Dermatomyositis and polymyositis are rare chronic inflammatory disorders with significant associated morbidity and mortality despite treatment. High-dose corticosteroids in addition to other interventions such as immunosuppressants, immunomodulators, and more recently, biologics are commonly used in clinical practice; however, there are no clear guidelines directing their use. Our objective was to systematically review the evidence for immunotherapy in the treatment of dermatomyositis and polymyositis. Relevant studies were identified through Embase and PubMed database searches. Trials were selected using pre-determined selection criteria and then assessed for quality. Randomized controlled trials and experimental studies without true randomization and including adult patients with definite or probable dermatomyositis or polymyositis were evaluated. Any type of immunotherapy was considered. Clinical improvement, judged by assessment of muscle strength after 6 months, was the primary outcome. Secondary outcomes included IMACS definition of improvement, improvements in patient and physician global scores, physical function, and muscle enzymes. Twelve studies met eligibility criteria. Differences in trial design, quality, and variable reporting of baseline characteristics and outcomes made direct comparison impossible. Although no treatment can be recommended on the basis of this review, improved outcomes were demonstrated with a number of agents including methotrexate, azathioprine, ciclosporin, rituximab, and intravenous immunoglobulin. Plasmapheresis and leukapheresis were of no apparent benefit. More high-quality randomized controlled trials are needed to establish the role of immunosuppressive agents in the treatment of these conditions and the clinical context in which they are most likely to be beneficial.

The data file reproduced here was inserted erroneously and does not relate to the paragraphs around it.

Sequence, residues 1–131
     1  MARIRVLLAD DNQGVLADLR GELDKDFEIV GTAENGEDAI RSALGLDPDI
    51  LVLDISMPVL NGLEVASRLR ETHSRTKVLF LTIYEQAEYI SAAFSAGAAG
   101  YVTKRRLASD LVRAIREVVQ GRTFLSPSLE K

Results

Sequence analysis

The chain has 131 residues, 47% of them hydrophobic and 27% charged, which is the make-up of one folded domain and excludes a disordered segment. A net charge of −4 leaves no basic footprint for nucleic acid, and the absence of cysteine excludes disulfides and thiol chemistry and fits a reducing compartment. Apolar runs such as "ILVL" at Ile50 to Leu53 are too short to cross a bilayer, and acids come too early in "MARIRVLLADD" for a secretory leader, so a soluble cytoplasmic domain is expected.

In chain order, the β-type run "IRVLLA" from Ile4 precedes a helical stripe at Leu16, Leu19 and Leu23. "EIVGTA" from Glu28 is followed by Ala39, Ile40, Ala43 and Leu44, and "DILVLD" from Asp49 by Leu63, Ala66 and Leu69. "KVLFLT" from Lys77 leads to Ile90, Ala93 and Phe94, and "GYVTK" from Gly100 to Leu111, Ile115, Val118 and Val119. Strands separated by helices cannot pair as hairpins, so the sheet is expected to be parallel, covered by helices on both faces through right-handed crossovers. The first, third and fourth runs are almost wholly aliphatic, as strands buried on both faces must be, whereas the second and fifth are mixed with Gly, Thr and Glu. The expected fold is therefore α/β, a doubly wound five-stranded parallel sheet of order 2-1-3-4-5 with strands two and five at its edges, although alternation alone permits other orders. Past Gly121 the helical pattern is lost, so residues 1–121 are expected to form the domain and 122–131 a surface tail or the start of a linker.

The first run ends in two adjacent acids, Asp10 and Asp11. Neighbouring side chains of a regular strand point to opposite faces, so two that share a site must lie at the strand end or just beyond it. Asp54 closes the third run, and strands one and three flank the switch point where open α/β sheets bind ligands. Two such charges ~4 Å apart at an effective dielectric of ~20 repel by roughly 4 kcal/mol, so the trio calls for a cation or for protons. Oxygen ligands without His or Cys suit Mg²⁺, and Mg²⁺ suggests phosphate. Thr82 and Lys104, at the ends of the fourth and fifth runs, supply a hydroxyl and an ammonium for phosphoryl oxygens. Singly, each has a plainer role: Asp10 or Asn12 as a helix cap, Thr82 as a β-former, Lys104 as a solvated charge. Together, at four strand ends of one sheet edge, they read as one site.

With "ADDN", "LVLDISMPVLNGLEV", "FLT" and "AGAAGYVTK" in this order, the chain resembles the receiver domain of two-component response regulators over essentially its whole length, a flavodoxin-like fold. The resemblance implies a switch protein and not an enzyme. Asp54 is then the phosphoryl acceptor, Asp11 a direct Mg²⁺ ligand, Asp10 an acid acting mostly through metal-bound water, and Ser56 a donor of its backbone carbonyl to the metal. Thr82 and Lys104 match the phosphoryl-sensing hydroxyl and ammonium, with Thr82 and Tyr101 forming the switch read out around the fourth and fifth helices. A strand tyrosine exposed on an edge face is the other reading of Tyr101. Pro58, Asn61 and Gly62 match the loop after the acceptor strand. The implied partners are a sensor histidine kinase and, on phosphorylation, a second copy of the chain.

Keywords: DMARD; Dermatomyositis; Immunotherapy; Polymyositis; Randomised controlled trial; Systematic review.